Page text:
A 2012 report by the International Labour Organization (ILO) estimated that nearly 21 million people worldwide are victims of forced labour, with the highest concentrations found in countries in central and southeastern Europe and in Africa. With complex global supply chains the main vehicle of global trade and commerce, regulators face a stiff challenge policing against workplace abuse, especially given the pattern of outsourcing production to jurisdictions where labour standards and their enforcement are weaker than at home. An evolving legal framework In recent years, we have seen an increase in mandatory reporting laws that require businesses to disclose how they respect human rights. The UK, for example, brought in the Modern Slavery Act 2015, which requires organisations with a global turnover greater than £36 million to publish an annual slavery and human trafficking statement. Non-compliance risks a finding of contempt of court and an unlimited fine. Home Office guidance describes how each statement must state the steps taken to ensure that human trafficking is not taking place in its supply chains and businesses. The UK’s Act is largely modelled on the California Transparency in Supply Chains Act, which requires companies with at least $100 million of gross worldwide receipts doing business in California to “disclose [their] efforts to eradicate slavery and human trafficking from [their] direct supply chain[s] for tangible goods offered for sale,” so that consumers might make better purchasing decisions. Similar to the UK, companies are required to report publicly on their efforts, but are not obliged to undertake any particular activities. Denmark also implemented mandatory policy disclosure requirements, covering approximately 1,100 large businesses, which must report on their CSR policies including human rights, and an inquiry into the adoption of similar laws began in Australia this year. In addition, EU-based banks and listed companies caught by the Non-Financial Reporting Directive must publicly disclose how they respect human rights. There are also targeted disclosure measures, such as the Dodd-Frank Act in the US, which obliges companies to undertake due diligence processes and publicly report on the level of traceability of their supply chain where minerals have originated from the Democratic Republic of the Congo or adjacent countries. Moreover, the European Parliament voted in May 2015 in favour of a strengthened proposal on the traceability and mandatory monitoring of supply chains that involve conflict minerals. Importantly, legal requirements are no longer limited to disclosure. Newly enacted or planned laws in EU member states (such as the French Duty of Care Law, the Dutch Due Diligence Child Labour Law, and the pending Swiss Responsible Business Initiative) require business to actually conduct due diligence on their supply chains, backed up by stiff penalties for non-compliance (fines of up to EUR30 million in France and EUR820,000 in the Netherlands). More laws can be expected in other Member States - various European national governments have either adopted National Action Plans on Business and Human Rights or are in the process of consultation towards adoption of a plan, or are undertaking baseline assessments. How to avoid human rights abuses within the supply chain With new EU laws signalling a shift towards a legal requirement for business to conduct human rights due diligence, businesses are advised to adopt standard policies and procedures for undertaking supply chain human rights due diligence. To assist the development of such policies and procedures, some simple steps can be undertaken which include mapping the supply chain, conducting risk assessments, targeting efforts in high risk/impact areas, and looking at what needs to be done to prevent human rights abuses and to improve working conditions across the supply chain, whether direct or indirect. Those responsible for supply chain contracting in an organisation should consider the following, imposing flow down requirements from supply chain partners to their subcontractors as necessary: Publishing a corporate statement of human rights and labour principles. This statement should communicates the business’s commitment to protecting workers’ human rights throughout the entire supply chain. Reference to the statement should be made within the supply chain contract; and depending on how it is drafted, the business may require contractual compliance by the counterparty and its subcontractors. Conducting risk assessments of suppliers’ and contractors’ recruiting and labour practices. Each supply chain partner should be subject to a thorough assessment of recruiting, hiring and employment practices. Such risk assessments (which should identify potential issues regarding the use of forced labour in any form) should be completed prior to embarking on a contractual relationship with the supply chain partner, backed up by appropriate contractual commitments. Carrying out independent - in the field - auditing of actual labour practices. Ongoing supply chain partner compliance should be regularly (at least annually, and more frequent in the case of an actual or anticipated incident) verified through audits conducted by independent, qualified third parties. Audit rights need to be carefully considered and spelt out in the supply chain contract. Clear consequences for non-compliance. The supply chain contract should clearly state the consequences of violation of a business’s human rights principles. These can cover a range of possible outcomes from governance review and reporting, to implementation of a remediation plan, to immediate termination, depending on the seriousness of the incident. Ongoing training and education. Communication to supply chain partners of company’s statement of principles should be reinforced through training programs in order to facilitate an understanding of how such principles are applied in practice. Supply chain partners should commit in their contract to disseminating the customer’s communications and polices to relevant workers and to facilitating or providing the required training programs.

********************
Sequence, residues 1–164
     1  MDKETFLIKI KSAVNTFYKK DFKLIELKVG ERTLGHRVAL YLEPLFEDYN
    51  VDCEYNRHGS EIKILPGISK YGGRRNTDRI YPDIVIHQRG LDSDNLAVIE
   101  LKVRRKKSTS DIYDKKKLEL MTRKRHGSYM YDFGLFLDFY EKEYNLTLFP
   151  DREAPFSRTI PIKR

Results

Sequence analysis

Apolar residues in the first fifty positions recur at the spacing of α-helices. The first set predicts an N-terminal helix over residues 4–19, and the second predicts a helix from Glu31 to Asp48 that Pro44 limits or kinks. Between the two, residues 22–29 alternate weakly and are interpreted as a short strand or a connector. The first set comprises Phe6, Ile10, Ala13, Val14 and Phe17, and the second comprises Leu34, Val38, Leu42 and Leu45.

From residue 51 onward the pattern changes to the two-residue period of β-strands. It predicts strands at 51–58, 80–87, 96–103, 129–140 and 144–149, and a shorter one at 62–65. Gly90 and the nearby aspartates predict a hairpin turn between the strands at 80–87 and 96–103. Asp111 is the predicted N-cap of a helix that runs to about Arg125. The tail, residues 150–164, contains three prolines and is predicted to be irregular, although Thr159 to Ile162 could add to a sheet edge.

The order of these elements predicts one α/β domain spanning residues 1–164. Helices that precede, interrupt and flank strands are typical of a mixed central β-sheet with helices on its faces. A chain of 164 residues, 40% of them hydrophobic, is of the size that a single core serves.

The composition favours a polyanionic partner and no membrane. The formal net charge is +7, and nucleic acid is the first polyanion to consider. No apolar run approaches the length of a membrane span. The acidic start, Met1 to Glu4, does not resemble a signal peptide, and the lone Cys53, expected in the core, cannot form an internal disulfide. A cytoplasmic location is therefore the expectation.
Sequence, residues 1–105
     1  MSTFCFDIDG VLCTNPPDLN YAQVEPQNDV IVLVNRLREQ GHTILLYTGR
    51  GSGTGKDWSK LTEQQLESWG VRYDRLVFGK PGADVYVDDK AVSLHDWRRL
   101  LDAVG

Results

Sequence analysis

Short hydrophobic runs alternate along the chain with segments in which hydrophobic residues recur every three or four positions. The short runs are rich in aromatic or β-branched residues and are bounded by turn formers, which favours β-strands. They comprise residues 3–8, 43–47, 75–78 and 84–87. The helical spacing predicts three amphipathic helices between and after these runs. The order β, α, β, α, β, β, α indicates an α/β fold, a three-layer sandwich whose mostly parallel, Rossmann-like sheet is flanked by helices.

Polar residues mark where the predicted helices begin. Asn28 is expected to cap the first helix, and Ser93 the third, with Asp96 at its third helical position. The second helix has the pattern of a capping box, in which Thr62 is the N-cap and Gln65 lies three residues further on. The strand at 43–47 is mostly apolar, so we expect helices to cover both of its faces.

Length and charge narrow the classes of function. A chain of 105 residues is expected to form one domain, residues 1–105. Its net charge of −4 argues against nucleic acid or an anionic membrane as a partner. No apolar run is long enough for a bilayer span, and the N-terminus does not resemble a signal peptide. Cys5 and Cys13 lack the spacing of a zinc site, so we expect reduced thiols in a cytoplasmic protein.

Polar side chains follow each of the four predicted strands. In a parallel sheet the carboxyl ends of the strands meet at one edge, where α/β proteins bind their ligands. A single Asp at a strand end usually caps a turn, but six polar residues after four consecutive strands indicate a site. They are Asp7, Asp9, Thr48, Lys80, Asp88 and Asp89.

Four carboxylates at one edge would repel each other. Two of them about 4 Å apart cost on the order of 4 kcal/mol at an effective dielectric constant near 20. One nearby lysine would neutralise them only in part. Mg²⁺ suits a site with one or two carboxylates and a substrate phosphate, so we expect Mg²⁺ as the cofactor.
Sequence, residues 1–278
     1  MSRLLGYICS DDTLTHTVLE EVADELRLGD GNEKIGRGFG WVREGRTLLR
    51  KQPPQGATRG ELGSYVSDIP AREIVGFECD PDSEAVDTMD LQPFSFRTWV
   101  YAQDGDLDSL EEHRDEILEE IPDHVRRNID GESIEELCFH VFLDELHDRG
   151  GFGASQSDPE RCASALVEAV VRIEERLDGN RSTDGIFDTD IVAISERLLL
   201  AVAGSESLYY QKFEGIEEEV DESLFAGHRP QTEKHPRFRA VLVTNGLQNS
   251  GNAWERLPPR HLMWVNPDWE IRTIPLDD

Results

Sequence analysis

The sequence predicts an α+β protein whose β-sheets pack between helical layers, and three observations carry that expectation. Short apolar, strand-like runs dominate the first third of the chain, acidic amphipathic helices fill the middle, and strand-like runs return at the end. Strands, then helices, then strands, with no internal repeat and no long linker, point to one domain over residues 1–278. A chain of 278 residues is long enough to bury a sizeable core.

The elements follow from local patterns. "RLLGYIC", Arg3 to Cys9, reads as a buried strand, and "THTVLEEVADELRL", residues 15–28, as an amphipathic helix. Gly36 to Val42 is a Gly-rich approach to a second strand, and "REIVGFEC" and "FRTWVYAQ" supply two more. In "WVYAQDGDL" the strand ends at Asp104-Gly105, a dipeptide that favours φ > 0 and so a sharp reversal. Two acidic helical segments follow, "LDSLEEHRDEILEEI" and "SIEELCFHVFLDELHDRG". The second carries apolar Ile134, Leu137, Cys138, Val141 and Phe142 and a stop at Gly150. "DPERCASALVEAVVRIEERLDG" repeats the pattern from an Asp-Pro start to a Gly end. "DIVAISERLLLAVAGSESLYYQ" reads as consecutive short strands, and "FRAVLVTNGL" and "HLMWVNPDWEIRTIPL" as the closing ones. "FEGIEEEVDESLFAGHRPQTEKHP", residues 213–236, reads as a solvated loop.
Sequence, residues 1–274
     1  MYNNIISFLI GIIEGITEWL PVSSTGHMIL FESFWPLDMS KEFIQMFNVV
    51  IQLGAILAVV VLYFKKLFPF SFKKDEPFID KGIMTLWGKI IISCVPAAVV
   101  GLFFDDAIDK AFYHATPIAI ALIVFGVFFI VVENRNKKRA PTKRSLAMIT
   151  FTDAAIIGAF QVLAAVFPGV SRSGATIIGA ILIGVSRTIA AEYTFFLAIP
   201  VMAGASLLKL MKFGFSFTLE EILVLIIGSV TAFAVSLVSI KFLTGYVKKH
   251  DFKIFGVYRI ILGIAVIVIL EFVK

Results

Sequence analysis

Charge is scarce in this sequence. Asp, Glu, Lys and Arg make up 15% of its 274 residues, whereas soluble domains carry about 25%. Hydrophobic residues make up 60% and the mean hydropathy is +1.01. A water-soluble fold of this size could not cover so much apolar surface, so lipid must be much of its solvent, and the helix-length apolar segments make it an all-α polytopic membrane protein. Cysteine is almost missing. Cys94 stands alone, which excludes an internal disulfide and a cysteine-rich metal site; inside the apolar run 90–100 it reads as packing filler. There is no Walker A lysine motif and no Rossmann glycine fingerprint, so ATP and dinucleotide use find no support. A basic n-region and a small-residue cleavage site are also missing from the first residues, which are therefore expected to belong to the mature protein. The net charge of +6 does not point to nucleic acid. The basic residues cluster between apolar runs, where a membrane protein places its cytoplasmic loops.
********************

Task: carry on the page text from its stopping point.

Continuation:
Is your supply chain free from human rights abuses?